5 Mistakes to Avoid When Choosing a Domain Name

In the modern era of e-commerce, it is pretty much impossible to maximize your business revenues and profits without a commercial website. Through a website, you can establish a firm online presence, and reach out to audiences all across the globe.

However, this is only possible if your website turns out to be successful, and the kind of domain name that you choose will play a key role in determining this success. Often, entrepreneurs end up choosing a domain name that is too hard or complicated or is quite unrelated to the products or services that their business has to offer. Such issues are frequently discovered after the website is up and running, at which point, there is not much that can be done to rectify the problems.

To help you avoid such a fate, this blog will discuss some of the most common mistakes related to domain name selection.


Mistakes to Avoid When Choosing a Domain Name

1. Using Numbers

Using ‘3’ instead of three, or ‘2’ instead of ‘two’ or even ‘to’ is not something that you should do. Even though using numbers might seem witty to you, it could cause confusion for your potential visitors, such as, whether the number should be typed or spelled out.

Instead of trying to crack this mystery, these prospective visitors would simply turn to a competing website. In addition, even if they try to proceed to your website, there is a fair chance that they might find themselves entering a site that possesses a domain name similar to yours.

The only time you should use numbers in domain names is when they belong to an event or a brand, such as ‘worldcup2018.com’, or if you are certain that the usage of numbers will not create confusion for your visitors.


2. Ignoring Spellings

Building from the previous point, it is important that you choose a domain name that is easy for people to spell.

You need to pay specific attention to words that are spelled differently across cultures. For instance, while the American spelling for the word is ‘flavor’, the spelling ‘flavour’ is used in the UK. Rather than indulge yourself and your visitors in unnecessary confusion, simply select words that can be easily spelled and remembered. Any words that can be shortened (‘wrong’ to ‘rong’, for instance), should also be avoided – this way, you can ensure that your website name is communicated correctly over phone calls or voicemails.


3. Using Hyphens

Let us suppose that there are three competing businesses, with the following URLS; Mybusinesswebsite.com, my-businesswebsite.com, or my-business-website.com – which one would you opt for, as a visitor? If a person hears a website name, it is more than likely that they will assume that the two words are joined together, and not separated by hyphens. Much like numbers, hyphens can compel your visitors to wonder if and where a hyphen needs to be added to the website name. And, if the visitor fails to get it right the first time, they might not bother to make a second attempt. Also, it is almost certain that the visitor’s first attempt at entering your website URL will not involve hyphens.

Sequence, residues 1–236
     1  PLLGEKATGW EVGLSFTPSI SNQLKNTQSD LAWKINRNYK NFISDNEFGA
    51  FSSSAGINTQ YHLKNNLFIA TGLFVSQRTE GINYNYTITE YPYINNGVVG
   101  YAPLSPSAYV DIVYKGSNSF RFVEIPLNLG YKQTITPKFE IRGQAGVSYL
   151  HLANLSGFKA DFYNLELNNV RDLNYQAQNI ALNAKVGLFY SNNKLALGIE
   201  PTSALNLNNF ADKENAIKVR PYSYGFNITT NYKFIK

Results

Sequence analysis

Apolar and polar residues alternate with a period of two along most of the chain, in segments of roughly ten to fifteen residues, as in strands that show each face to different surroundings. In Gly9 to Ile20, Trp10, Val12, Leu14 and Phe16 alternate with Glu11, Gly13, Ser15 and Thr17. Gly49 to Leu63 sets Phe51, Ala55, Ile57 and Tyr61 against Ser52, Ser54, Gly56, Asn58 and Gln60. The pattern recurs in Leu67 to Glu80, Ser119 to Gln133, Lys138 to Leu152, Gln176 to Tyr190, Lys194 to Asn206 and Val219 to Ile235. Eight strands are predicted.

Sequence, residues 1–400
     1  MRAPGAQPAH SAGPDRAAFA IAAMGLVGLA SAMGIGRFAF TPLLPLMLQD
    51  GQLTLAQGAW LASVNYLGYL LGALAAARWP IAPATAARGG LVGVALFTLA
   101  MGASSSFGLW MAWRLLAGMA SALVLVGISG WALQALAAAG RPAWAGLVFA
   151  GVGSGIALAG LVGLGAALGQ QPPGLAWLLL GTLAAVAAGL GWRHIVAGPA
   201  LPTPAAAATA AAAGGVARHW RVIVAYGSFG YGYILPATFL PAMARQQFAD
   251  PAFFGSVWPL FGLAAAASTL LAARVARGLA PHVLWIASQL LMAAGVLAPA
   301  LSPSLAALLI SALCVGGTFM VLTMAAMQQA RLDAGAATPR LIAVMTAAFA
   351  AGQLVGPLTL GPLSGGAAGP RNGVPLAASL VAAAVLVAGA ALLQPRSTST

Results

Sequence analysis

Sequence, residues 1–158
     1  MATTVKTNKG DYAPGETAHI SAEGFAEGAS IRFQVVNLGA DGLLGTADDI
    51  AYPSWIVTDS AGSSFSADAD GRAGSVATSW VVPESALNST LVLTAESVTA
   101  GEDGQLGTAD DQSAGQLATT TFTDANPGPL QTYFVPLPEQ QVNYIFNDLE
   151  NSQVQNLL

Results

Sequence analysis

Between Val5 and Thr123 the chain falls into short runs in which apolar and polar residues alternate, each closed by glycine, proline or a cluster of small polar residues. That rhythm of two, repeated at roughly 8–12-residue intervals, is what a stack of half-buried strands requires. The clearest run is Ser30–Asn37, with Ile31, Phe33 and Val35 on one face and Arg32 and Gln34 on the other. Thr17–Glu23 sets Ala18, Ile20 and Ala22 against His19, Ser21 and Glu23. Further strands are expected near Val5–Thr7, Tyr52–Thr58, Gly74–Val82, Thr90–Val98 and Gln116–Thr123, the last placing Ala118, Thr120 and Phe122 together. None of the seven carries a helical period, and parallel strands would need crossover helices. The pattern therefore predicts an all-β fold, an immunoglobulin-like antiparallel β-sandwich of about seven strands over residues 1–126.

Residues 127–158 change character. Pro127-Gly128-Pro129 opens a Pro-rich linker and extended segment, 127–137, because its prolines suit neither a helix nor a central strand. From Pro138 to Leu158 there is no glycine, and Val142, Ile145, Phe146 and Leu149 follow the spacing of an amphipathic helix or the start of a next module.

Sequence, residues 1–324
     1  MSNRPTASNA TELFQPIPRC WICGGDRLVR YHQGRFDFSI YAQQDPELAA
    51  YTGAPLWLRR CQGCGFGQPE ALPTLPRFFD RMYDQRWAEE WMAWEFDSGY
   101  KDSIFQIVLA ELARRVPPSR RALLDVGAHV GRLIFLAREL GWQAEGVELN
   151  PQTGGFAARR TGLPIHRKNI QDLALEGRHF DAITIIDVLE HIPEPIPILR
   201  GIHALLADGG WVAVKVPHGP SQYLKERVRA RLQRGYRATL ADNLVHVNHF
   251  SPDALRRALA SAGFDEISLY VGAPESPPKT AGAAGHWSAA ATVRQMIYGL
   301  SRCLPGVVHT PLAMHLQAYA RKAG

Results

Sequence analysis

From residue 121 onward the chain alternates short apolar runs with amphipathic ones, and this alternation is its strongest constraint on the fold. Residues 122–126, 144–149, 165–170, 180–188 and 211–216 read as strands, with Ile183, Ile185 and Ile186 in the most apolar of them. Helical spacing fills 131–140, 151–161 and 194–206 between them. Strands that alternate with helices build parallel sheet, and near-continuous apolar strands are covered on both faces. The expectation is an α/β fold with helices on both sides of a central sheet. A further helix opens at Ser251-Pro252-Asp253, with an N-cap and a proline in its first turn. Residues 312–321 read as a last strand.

You can use hyphens if they are present in a certain brand name, or, once again, if they will not confuse your audience in any way. If your budget (and the domain name availability) allows, you can get both domains – with and without hyphens – registered for your business. This way, you can redirect your hyphenated website name to its non-hyphenated counterpart.


4. Choosing a Domain Name Similar to an Existing One

This mistake is often the result of no or insufficient research. Choosing a domain name that is almost identical to another, existing domain name puts you at risk of losing your potential customers to the other business. Unless your business has a firm brand and a strong identity, it is best to come up with a unique domain name that is reflective of your business offerings and values.


5. Getting a Lengthy Domain Name

In specific cases, lengthy domain names can prove to be quite smart, since they allow you to use an entire phrase or sentence – mytwitterfeed.com and momthisishowtwitterworks.com are two good examples. Generally, however, a long website name can be quite hard to recall. Visitors clicking your website link are going to find the entire name written in lowercase letters without anything separating one word from another, which will make the name extremely hard to comprehend. Once again, visitors are unlikely to dedicate time and effort to making sense of it, and, as a result, will most probably forget the domain name.

(llanfairpwllgwyngyllgogerychwyrndrobwllllantysiliogogogoch.co.uk/ - If you are interested in finding out how the name of this small Welsh village is pronounced, check the link out. Here's the shortened version: longestintheworld.com)

Other than that, lengthy domain names are also an unwise marketing practice. Business cards and digital signatures will generally have limited room for website URLs – an excessively long domain name will either cover two separate lines or appear stretched, both of which come across as unprofessional.


In Summary

A website’s domain name is perhaps as important as its content (if not more). After all, the domain name is the very first thing that a potential customer will see, which means that it plays a key role in how your business is perceived. Hence, if your domain name is difficult to spell, excessively long, or is very similar to another domain name, it could have a negative impact on your traffic, sales, profits, and reputation.

Therefore, choosing the right domain name is perhaps the initial step towards your website success, and we hope that this brief guide will help you come up with an appropriate site name.

Photo by John Schnobrich on Unsplash

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